11/23/2013 4:29PM

Aqueduct: Vicki’s Dancer overcomes traffic to win Staten Island

Adam Coglianese
Vicki’s Dancer had to await room and then swing wide to win the Staten Island.

OZONE PARK, N.Y. - Michael Dubb claimed Vicki’s Dancer two months ago primarily for her prowess over Aqueduct’s inner track, where she has a record of 2-2-1 from six starts.

On Saturday, Vicki’s Dancer demonstrated she’s okay over the main track as well, overcoming a traffic-filled trip to run down Familyofroses and win the $125,000 Staten Island division of the New York Stallion Stakes by a neck. It was one length back to P J’s Superego, who finished a neck in front of favored Kelli Got Frosty.

Vicki’s Dancer was making her second start for Dubb, Bethlehem Stables, and Gary Aisquith, who claimed her for $50,000 in September and turned her over to Rudy Rodriguez. In her first start for these connections, Vicki’s Dancer finished fourth behind the undefeated multiple graded stakes winner Cluster of Stars in the Iroquois at Belmont.

There were no horses the caliber of Cluster of Stars in the Staten Island.

Breaking from post 3 under Eddie Castro, Vicki’s Dancer sat an inside trip behind a modest pace of 47.83 seconds for the half-mile set by My Jopia.

Approaching the top of the stretch, Castro had to wait to find running room and finally had to go to about the six-path to find it. Once in the clear, Vicki’s Dancer wore down Familyofroses, who had made a brief lead at the eighth pole.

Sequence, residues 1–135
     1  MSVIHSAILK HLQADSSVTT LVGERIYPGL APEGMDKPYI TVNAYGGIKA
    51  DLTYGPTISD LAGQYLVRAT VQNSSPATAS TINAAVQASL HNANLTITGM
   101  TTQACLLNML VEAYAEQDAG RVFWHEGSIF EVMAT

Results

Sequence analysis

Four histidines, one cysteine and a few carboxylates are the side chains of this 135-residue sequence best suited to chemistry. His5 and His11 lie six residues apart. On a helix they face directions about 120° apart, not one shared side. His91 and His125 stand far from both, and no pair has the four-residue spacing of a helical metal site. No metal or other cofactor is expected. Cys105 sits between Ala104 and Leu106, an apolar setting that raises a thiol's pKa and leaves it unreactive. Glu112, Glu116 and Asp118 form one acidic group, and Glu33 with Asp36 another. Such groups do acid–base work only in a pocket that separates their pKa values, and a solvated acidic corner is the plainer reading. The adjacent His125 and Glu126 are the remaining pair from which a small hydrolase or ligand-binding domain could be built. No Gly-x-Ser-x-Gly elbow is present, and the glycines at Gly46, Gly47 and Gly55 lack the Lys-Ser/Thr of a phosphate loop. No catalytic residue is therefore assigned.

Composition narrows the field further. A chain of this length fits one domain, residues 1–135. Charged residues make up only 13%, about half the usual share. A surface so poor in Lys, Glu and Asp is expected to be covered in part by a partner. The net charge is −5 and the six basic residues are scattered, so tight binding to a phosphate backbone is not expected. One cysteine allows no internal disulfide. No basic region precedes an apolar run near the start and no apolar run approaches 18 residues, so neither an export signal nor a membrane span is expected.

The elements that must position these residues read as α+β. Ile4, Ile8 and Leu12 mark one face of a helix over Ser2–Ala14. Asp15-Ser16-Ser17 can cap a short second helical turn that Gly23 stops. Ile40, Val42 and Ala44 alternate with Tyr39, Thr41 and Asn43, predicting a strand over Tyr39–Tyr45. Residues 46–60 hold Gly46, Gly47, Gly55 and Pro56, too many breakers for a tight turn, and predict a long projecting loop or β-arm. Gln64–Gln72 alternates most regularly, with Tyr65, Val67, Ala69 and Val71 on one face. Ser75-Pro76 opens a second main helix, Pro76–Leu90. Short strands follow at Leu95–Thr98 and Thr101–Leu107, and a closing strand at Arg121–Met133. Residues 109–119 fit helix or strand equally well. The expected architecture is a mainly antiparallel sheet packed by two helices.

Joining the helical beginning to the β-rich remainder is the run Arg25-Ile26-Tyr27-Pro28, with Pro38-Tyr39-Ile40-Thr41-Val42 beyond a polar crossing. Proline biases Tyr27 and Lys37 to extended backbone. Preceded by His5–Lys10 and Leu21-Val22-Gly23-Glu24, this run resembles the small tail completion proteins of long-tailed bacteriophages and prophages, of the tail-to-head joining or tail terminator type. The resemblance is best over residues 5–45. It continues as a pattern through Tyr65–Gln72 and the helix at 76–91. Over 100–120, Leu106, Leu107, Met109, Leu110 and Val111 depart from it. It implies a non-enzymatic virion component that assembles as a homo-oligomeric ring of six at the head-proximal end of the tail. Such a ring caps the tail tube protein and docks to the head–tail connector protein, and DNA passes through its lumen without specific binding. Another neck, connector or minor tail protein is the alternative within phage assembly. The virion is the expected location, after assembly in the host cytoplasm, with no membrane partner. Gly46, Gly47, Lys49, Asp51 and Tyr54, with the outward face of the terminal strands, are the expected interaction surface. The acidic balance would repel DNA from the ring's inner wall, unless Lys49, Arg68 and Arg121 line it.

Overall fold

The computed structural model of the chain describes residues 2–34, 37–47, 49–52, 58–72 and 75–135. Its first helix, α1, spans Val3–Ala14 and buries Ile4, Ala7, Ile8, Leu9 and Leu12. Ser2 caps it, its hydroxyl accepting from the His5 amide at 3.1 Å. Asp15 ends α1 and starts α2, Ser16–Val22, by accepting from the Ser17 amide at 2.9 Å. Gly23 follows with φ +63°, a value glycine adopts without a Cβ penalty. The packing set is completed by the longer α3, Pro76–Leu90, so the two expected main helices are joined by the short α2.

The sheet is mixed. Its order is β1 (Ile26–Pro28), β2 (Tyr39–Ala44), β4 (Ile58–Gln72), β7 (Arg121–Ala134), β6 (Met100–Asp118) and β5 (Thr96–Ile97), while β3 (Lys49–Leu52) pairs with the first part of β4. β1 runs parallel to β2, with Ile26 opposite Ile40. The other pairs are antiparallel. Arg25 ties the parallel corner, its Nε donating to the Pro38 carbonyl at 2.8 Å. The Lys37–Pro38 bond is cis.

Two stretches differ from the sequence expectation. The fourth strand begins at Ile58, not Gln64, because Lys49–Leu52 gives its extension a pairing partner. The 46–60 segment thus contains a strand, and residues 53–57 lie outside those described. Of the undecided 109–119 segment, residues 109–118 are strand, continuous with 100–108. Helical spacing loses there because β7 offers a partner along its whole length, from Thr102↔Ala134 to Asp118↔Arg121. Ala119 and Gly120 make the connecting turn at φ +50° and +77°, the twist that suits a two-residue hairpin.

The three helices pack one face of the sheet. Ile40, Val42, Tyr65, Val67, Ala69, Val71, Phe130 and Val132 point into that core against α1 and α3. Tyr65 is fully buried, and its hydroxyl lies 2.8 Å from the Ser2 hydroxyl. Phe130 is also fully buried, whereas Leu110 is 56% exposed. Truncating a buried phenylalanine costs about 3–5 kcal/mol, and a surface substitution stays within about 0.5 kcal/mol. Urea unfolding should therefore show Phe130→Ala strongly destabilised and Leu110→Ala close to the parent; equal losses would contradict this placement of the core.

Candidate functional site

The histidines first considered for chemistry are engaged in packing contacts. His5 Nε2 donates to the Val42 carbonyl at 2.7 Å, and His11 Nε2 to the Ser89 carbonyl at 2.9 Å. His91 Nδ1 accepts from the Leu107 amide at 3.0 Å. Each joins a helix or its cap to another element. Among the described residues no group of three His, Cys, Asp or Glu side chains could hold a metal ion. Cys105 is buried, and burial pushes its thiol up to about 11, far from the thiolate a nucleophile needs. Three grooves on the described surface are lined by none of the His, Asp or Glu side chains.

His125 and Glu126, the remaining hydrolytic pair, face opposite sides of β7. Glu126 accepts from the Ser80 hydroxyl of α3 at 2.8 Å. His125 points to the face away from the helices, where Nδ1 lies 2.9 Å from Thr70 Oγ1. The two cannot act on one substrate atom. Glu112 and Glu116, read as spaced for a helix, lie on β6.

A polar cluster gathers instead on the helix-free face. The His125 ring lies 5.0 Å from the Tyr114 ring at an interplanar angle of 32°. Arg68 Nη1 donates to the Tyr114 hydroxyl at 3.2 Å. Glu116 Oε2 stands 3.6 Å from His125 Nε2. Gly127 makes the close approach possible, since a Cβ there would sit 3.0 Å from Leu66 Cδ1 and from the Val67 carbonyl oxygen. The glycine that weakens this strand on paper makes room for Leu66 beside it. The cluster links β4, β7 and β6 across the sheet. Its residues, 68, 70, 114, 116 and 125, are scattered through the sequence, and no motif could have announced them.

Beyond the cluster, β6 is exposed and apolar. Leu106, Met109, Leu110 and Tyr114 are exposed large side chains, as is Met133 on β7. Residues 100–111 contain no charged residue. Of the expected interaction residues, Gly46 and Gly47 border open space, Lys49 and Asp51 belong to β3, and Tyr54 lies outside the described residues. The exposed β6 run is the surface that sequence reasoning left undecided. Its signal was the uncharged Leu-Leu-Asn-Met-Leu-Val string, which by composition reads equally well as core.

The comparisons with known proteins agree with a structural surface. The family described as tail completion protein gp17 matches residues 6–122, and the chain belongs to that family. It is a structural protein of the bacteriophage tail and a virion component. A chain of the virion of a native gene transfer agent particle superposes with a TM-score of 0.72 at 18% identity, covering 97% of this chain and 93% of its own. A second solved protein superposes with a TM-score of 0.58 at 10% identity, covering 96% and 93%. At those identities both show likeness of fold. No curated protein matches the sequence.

Vicki’s Dancer, a 4-year-old daughter of Disco Rico, covered the seven furlongs in 1:24.71 and returned $10.80 as the second choice in a field of nine.

“Turning for home, it got a little tight and the horses were all squished a little bit,” Castro said. “But after that she split [horses] and fought and gave me a really good finish.”

Vicki’s Dancer earned $75,000 for the victory, which already made her a successful claim for Dubb - and the winter hasn’t even arrived yet.

“She looked like a good inner-dirt-track horse,” Dubb said. “You look at her form you see what I see; it’s not a secret. The filly and mares are not that competitive come the winter time in the statebred ranks. Today, I was hopeful.”

Rodriguez also trained Kelli Got Frosty, who, after breaking from the rail, had to go eight to nine wide in the stretch and had to settle for fourth, beaten 1 1/2 lengths.

“She’s too big for the one hole,” Rodriguez said. “By the time she got herself together she’s on top of the other horses. That’s what you got to deal with when you get a bad post.”